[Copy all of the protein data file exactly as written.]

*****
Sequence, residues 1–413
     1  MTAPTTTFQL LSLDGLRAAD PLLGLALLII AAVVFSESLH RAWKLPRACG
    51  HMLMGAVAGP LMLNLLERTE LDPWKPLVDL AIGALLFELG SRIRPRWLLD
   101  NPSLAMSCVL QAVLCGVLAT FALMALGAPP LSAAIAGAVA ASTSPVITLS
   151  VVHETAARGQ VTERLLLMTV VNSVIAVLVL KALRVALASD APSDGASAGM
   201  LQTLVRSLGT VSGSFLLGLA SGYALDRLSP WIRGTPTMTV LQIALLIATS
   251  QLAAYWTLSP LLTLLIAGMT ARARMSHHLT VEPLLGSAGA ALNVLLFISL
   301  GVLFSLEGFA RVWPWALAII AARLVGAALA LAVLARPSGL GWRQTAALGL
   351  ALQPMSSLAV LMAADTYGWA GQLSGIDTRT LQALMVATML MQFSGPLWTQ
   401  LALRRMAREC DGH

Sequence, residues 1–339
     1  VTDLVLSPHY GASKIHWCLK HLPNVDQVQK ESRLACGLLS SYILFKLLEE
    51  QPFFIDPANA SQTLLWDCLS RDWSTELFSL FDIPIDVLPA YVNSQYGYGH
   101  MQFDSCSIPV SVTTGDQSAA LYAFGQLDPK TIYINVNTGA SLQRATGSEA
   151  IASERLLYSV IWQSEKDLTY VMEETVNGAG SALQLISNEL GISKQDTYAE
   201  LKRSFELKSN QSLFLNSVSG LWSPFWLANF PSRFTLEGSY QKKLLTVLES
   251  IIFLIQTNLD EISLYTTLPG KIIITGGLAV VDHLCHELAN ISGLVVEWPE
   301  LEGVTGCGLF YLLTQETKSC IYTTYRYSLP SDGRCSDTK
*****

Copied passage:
Sequence, residues 1–413
     1  MTAPTTTFQL LSLDGLRAAD PLLGLALLII AAVVFSESLH RAWKLPRACG
    51  HMLMGAVAGP LMLNLLERTE LDPWKPLVDL AIGALLFELG SRIRPRWLLD
   101  NPSLAMSCVL QAVLCGVLAT FALMALGAPP LSAAIAGAVA ASTSPVITLS
   151  VVHETAARGQ VTERLLLMTV VNSVIAVLVL KALRVALASD APSDGASAGM
   201  LQTLVRSLGT VSGSFLLGLA SGYALDRLSP WIRGTPTMTV LQIALLIATS
   251  QLAAYWTLSP LLTLLIAGMT ARARMSHHLT VEPLLGSAGA ALNVLLFISL
   301  GVLFSLEGFA RVWPWALAII AARLVGAALA LAVLARPSGL GWRQTAALGL
   351  ALQPMSSLAV LMAADTYGWA GQLSGIDTRT LQALMVATML MQFSGPLWTQ
   401  LALRRMAREC DGH

Sequence, residues 1–339
     1  VTDLVLSPHY GASKIHWCLK HLPNVDQVQK ESRLACGLLS SYILFKLLEE
    51  QPFFIDPANA SQTLLWDCLS RDWSTELFSL FDIPIDVLPA YVNSQYGYGH
   101  MQFDSCSIPV SVTTGDQSAA LYAFGQLDPK TIYINVNTGA SLQRATGSEA
   151  IASERLLYSV IWQSEKDLTY VMEETVNGAG SALQLISNEL GISKQDTYAE
   201  LKRSFELKSN QSLFLNSVSG LWSPFWLANF PSRFTLEGSY QKKLLTVLES
   251  IIFLIQTNLD EISLYTTLPG KIIITGGLAV VDHLCHELAN ISGLVVEWPE
   301  LEGVTGCGLF YLLTQETKSC IYTTYRYSLP SDGRCSDTK